Is marginal emission cost pricing enough to comply with the EU CO2 reduction targets?
From transport economic literature it is known that pricing (environmental) externalities can improve the efficiency of a transport system. However, in real-world politics, policy setting often follows so-called `backcasting' approaches where predefined goals are set, and policy measures are implemented to reach those goals. This study presents, for a specific case study, an parametric approach to identify the gap between toll levels derived from environmental damage cost internalization and toll levels from the goal to reduce global greenhouse gas emissions in the transport sector until 2020 by 20% (avoidance cost approach). For this purpose, the damage costs internalization is applied to a real-world scenario of Munich metropolitan area. The results indicate that the desired reduction in CO2 emissions is not reached. This parametric internalization approach with damage cost estimates from the literature yields toll levels that are by a factor of 5 too low in order to reach the predefined goal. When aiming at overall emission cost reductions by 20%, the damage cost estimates are even by a factor of 10 too low. Furthermore, it is shown that the major contribution to the overall emission reduction stems from behavioral changes of (reverse) commuters rather than from urban travelers; under some circumstances, the latter even increase their CO2 emission levels. Finally, the study indicates that there might be conicting trends for different types of pollutants, i.e. pricing emissions does not necessarily result in a reduction of all pollutant types.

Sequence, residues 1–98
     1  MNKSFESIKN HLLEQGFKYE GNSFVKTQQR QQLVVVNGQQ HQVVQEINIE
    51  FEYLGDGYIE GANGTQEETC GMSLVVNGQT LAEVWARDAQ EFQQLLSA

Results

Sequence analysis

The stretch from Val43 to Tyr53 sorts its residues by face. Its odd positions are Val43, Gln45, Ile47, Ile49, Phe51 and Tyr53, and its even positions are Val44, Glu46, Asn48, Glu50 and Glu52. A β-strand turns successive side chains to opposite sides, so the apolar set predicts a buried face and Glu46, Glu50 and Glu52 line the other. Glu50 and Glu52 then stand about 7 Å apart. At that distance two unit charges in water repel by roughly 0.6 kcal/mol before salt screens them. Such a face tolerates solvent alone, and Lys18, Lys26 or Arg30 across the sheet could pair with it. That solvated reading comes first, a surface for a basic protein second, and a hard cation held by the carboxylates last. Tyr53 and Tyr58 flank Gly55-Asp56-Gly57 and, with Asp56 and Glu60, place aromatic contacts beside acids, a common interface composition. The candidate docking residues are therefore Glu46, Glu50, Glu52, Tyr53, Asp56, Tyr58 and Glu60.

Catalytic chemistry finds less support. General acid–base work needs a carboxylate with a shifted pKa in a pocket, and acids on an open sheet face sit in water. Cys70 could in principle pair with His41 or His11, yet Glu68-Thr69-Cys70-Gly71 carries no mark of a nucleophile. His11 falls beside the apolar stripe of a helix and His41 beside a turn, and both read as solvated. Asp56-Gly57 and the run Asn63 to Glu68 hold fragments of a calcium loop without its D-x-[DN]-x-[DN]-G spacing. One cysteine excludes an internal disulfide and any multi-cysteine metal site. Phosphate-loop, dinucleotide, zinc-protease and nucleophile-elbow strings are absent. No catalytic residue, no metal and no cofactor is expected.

Published in: hEART 2015: 4th Symposium of the European Association for Research in Transportation (hEART),